• scoosdad says:

        @TechnoDestructo: Ah, the air ride in a Lincoln Town Car. Was the inspiration for the classic SNL commercial parody, “Royal Deluxe II”:


        “A beautiful baby… and a beautiful car!”

        (Sorry, probably will only work for US readers.)

      • MrEvil says:

        @TechnoDestructo: The Town Car doesn’t have Sync or an option for in-dash Navigation. So there’s really nothing special in the Town Car to break.

        You’re right though, the Air-spring system for the rear axle is prone to failure. Changing the Town Car to regular coil springs costs less than repairing the air-ride.

    • Shadowman615 says:

      @humphrmi: The first reason for depreciation I thought of when I saw this list was MPG.

  2. Lynn12 says:

    Still to much to pay for a car that looses most of it’s value while you’re still paying on it.

    I’d much rather keep my car with no payments, that runs perfectly fine.

    • mac-phisto says:

      @Lynn12: well, that’s actually the idea of buying a car that’s “slightly used”. generally, a vehicle loses most of its value within the first 2-3 years & then the value starts to level out.

      it’s great not to have a car payment – i currently don’t have one. problem is, as my uncle says, “you never really get out of a car payment”. i recently had to replace a stabilizer bar ($300+), then the clutch ($900). i have something funky going on in the engine that i haven’t been able to pinpoint yet, so who knows what that’s going to cost. need a new flex-pipe (that’ll be $200-300 easy)…

      don’t know if i’ll be buying used when i finally have to break it off with “lara” – that new genesis coupe looks pretty badass.

  3. jimconsumer says:

    Depreciation? Hummer. I’ve always wanted an H2. Never wanted to pay for one, until gas spiked last summer and everybody dumped ’em for cheap. I picked up a fully loaded H2 (Lux package) with 15k miles for $23k. Someone paid in excess of fifty grand for this baby…

    • downwithmonstercable says:

      @jimconsumer: People are dumping their Hummers, Escalades, Tahoes, etc left and right… haven’t looked at H2’s but I was curious what Escalades went for. Newer style ones were as low as $18,000, average was around $22,000. I couldn’t believe it. Then you look at regular 4 door sedans and they’ve barely depreciated 25% after 4-5 years…

      • jimconsumer says:

        @downwithmonstercable: Yup, all of the big SUVs were dumped for cheap, but the deals seem to be drying up as gas stays low and last year’s panic subsides. I traded in a paid for SUV that got ~17mpg. I now have a kick ass H2 that gets ~12mpg. The extra ~$50 a month in gas is negligible for me and I practically stole the Hummer for that price.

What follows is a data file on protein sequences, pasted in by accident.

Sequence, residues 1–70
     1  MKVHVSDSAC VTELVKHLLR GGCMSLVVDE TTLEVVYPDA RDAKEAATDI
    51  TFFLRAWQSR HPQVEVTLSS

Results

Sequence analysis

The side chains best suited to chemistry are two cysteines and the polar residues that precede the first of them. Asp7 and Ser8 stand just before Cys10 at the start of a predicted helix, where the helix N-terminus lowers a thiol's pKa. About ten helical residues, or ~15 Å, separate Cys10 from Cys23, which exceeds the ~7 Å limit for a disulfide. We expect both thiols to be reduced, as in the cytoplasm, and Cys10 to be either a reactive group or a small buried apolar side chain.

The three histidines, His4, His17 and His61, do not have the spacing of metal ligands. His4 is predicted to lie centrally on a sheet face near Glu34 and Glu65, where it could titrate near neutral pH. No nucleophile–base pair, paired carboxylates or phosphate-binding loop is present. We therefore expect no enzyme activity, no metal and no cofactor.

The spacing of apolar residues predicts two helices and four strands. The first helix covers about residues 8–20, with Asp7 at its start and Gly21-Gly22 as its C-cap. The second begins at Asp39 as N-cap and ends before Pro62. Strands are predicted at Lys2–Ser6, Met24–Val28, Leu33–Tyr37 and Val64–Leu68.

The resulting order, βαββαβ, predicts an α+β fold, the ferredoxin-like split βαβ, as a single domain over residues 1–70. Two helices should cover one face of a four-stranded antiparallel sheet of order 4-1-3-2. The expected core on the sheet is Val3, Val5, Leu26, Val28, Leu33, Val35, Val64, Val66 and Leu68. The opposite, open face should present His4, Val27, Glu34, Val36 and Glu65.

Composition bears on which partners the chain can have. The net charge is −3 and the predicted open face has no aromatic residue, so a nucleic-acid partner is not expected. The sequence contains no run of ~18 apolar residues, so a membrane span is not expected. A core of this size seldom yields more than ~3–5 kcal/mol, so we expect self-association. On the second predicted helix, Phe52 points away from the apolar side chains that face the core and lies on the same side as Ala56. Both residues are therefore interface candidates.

• bobloblawsblog says:

      @jimconsumer: you know what they say about men with small hands… they drive hummers….

      • jimconsumer says:

        @bobloblawsblog: I drove a 70mpg Honda Insight for 2 years. Does that make my “hands” huge, then?

        I’ve no idea why people continue to make such immature, ridiculous jokes in this day and age. They’re made about all manner of fancy, flashy vehicles. I can only presume the people making them are simply unhappy driving their Ford Tauruses and lash out with, “Oh, he has a small penis.”

        What I want to know is, what kind of half-assed man is content to drive a boring, ho-hum cookie cutter? Do their wives keep their balls in a little necklace around her neck? “Oh no you don’t. Sexy cars aren’t for married people. You’re going to drive this piece of shit right here, you’re leaving the car seats in the back seat 24/7 and you’ll like it, Mister.”

        See, I can make ridiculous, immature jokes about your stupid car, too. Fact is, I love my truck, and since I’m driving it and paying for the fuel, my opinion is the only one that matters. Funny thing, though, I get dozens of positive comments for every negative one. You Hummer hating greenies really are a lonely, insignificant minority.

    • howman says:

      @jimconsumer: I’ve been itching for an H1 for a while now. Figure this one out, divide the cost of the vehicle by the cost on the environment to manufacture it byt the number of years that car will last and the amount of energy overall needed to completely recycle it. Now try to tell me that a $25000 Honda that will only last 8~10 yrs has thirty different types of plastic in it and is a bitch to recycle is less expensive on me and the planet than a H1 that cost $60000 has one plastic and one metal will last 30 yrs and can be recycled by a monkey with a screwdriver.

  4. supercereal says: